Simulation-Based Training

The research team component of the STRIDE intervention hinges on an innovative application of medical simulation to improve the cultural sensitivity of those recruiting and enrolling diverse participants.

Through this process, trained community members served as “Acting Research Participants” similar to the well-established standardized patient methodology. Acting Research Participants engage with research assistants in mock recruitment scenarios for enrollment in a clinical trial in the setting of the simulation center, which is capable of replicating common recruitment venues and providing hands-on, experiential learning in a structured environment. Practice in this safe environment promotes learning critical communication skills to address emotionally sensitive, cross-cultural issues that arise in the process of informed consent. This process was developed through a bi-directional partnership with our community partners.

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“Participants in all categories engaged in simulation training described a sense of purpose, community and increased understanding. The groups came to realize that no one role in the room was an overall expert and that everyone was actively learning from one another.”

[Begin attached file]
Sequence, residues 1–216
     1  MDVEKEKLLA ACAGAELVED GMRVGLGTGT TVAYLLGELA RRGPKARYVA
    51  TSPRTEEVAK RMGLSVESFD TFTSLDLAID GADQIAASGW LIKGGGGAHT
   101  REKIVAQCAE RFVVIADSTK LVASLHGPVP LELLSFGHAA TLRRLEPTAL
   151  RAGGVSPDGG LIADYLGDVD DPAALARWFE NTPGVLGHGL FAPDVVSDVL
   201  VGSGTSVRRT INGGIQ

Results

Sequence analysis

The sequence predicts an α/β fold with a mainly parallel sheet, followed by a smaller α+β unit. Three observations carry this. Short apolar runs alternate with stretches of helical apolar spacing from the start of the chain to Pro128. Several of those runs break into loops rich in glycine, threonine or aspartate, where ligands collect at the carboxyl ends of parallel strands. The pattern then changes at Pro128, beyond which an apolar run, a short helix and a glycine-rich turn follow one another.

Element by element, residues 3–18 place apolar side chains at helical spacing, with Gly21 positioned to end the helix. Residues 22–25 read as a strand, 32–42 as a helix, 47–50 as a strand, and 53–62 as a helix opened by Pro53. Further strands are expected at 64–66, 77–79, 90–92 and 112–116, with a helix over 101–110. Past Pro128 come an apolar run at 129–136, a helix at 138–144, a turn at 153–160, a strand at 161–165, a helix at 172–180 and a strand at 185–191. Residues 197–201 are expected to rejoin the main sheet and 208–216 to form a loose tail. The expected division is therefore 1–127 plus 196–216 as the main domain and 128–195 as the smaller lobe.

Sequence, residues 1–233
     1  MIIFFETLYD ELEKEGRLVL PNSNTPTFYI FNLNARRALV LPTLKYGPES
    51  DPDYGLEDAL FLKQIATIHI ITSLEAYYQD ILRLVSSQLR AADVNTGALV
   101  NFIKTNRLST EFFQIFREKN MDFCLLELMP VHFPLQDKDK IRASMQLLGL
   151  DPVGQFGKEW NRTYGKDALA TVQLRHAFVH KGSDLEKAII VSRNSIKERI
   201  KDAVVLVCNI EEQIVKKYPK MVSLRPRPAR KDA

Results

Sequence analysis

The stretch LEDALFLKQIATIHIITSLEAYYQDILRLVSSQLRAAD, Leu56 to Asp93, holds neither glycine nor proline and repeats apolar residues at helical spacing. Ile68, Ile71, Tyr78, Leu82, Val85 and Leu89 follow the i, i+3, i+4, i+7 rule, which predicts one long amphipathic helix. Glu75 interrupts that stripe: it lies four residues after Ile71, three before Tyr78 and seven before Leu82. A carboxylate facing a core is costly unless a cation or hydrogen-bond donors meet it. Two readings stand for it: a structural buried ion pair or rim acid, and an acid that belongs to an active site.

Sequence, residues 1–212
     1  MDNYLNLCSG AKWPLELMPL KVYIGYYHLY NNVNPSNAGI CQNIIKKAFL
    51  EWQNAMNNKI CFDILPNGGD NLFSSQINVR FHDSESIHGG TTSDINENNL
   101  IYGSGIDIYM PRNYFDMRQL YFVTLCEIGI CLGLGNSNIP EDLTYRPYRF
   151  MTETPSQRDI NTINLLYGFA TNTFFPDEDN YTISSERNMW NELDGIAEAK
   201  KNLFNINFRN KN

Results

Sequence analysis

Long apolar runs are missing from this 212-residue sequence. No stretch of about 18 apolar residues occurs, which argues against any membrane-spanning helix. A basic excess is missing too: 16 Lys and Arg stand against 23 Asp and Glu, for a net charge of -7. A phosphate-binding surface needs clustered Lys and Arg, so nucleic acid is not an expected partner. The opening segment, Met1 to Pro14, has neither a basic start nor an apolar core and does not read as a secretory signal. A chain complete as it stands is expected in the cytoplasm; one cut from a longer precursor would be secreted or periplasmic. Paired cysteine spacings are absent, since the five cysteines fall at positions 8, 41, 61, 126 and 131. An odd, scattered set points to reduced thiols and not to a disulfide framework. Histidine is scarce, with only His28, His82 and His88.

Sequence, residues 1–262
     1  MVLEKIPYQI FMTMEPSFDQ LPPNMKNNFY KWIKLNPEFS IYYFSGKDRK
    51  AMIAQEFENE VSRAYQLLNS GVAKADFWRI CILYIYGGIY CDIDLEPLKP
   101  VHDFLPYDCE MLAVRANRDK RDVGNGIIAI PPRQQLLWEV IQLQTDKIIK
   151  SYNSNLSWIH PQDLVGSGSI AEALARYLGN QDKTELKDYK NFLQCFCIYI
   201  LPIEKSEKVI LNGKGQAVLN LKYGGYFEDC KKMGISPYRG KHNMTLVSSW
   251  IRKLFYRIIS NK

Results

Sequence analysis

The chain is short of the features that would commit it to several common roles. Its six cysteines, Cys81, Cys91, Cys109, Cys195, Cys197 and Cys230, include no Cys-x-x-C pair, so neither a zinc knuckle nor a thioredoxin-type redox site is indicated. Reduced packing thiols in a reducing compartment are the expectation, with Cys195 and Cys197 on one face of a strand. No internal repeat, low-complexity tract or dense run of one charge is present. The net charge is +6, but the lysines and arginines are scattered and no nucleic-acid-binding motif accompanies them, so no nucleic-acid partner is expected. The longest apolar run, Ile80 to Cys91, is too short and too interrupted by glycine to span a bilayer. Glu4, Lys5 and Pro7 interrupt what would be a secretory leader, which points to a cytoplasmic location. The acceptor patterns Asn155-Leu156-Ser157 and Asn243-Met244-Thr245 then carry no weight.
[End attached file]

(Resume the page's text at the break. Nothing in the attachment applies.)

Research Assistants

“Excellent, supportive learning environment. Simulation was very helpful.”

“Look forward to using these tools throughout my career.”

“In our healthcare system, choices hold so much importance. ‘Culturally appropriate’ to me means that I am able to engage in a conversation with a person and give them the information they need to understand how participation will impact them, regardless of their cultural background…being aware of cultural differences and how my background is not the same as another’s better informs my approach and how I am able to present the information to the patient. Culturally appropriate informed consent is necessary in healthcare. If we are not intentional, then we are not doing our jobs.”

Community Investigators

“I learned that I say I don’t assume anything, but I have to admit that often I do.”

“Listening to others sensitized me that other perspectives are relevant in forming my own understanding.”

Guest Observers

“It’s always helpful to be more mindful of our own biases and this workshop helped remind us that when we feel a bias, when that signal fires in our brain, to stop and think about what/where that is coming from.”